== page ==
SpaceX CEO Elon Musk There have long been big dreams about building a million-inhabitants city on Mars by 2050. A colony on Mars has lots of citizens and businesses – where everyone can create everything, from The first space pizza business to the first iron factory in the universe.
Mars City could one day lead to a new nation together.
There will be only half the battle left, and the SpaceX Starship missile is central to the success of these plans. Still under construction, it is ready to one day bring Earthlings to Mars.
With the Starship going the latest test, future trips to Mars seem closer than ever. But revolutionizing space travel and building a Mars pizzeria are only second to the last prize of expanding human footprints in the solar system. And according to Elon Musk, Mars City could be the key to our humanity̵7;s survival.
In this episode of AbstractWe discussed what the latest Starship missile test means for the future of space travel – and humanity itself.
Our first story is about the Starship, the SpaceX launch vehicle that is key to the company’s future shipping plan to send the ship to the Moon, Mars and beyond. After completing its first three-engine test, the ship is ready to launch to new heights – bringing humanity closer than ever to the reality of commercial space travel.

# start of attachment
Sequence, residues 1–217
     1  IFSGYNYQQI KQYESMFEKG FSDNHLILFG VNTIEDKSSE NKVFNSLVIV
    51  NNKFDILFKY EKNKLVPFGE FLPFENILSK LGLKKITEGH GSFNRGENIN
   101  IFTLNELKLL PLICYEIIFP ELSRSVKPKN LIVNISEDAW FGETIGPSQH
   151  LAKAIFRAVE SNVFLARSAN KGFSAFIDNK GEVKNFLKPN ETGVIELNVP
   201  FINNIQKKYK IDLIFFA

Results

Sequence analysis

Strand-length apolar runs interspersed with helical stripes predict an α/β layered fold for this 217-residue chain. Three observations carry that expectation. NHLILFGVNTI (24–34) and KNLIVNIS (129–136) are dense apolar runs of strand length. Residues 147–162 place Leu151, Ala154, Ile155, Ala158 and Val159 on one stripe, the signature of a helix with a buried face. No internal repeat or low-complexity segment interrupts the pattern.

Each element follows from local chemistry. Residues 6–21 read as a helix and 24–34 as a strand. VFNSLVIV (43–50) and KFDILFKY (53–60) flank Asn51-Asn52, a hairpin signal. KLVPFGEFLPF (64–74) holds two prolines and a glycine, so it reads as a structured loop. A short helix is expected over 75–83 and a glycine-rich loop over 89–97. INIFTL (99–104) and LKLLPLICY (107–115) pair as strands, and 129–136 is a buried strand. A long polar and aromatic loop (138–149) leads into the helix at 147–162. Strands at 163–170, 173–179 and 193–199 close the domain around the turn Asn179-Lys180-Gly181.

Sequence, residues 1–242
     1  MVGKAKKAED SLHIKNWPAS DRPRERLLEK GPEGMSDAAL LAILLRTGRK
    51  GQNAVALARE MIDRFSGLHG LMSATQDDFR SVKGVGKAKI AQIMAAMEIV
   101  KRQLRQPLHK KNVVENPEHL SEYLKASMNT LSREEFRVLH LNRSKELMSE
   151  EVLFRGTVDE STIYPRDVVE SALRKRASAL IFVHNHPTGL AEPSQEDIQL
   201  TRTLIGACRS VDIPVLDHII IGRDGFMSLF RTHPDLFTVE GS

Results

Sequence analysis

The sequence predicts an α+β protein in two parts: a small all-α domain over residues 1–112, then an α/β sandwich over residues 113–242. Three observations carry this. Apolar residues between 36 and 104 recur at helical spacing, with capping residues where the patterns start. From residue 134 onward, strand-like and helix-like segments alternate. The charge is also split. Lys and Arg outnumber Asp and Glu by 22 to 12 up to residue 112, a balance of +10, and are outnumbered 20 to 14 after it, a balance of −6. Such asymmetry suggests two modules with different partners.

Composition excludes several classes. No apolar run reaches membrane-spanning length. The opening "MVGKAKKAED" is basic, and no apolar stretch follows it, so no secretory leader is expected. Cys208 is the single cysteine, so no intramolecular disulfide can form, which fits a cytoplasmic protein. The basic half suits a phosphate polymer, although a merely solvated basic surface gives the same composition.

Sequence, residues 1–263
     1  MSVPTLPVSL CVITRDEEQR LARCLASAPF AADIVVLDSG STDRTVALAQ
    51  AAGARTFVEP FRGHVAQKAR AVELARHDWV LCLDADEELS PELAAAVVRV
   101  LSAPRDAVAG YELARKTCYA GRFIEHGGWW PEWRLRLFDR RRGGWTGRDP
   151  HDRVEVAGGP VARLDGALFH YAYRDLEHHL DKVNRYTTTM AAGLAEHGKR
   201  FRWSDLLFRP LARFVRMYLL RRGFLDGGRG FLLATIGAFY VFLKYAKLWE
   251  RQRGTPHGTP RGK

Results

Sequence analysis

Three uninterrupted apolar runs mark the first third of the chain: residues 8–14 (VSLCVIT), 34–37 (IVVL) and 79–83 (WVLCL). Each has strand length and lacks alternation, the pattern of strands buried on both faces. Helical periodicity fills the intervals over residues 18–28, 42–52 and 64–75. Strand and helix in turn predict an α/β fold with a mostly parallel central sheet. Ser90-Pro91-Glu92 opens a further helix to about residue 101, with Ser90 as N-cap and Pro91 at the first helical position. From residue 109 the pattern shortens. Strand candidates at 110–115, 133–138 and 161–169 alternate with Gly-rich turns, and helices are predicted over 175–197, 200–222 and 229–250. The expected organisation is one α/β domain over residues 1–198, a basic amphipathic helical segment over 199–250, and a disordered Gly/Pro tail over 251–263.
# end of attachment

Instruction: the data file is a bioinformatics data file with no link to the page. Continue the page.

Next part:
In our second story, SpaceX CEO Elon Musk outlines the key test that will determine whether his ultimate goal of settling on Mars can be successful. While technology may soon allow humans to settle on the Red Planet, creating a city on Mars that doesn’t rely on Earth remains a challenge – and overcoming that challenge may eventually. save humanity.
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Now, truth and science are more important than ever. That’s part of the reason for AbstractThis completely new, podcast from Inverse Employees focus entirely on science and innovation. Three new episodes are released a week and each episode covers a theme through two related stories. Each feature of the original sound Inverse reporting, in which events and context are central. It is hosted by Tanya Bustos of WSJ Podcasts. Because we InverseAll are correct but slightly misleading. It is made for those who want to know the full story. –Nick Lucchesi, executive editor, Inverse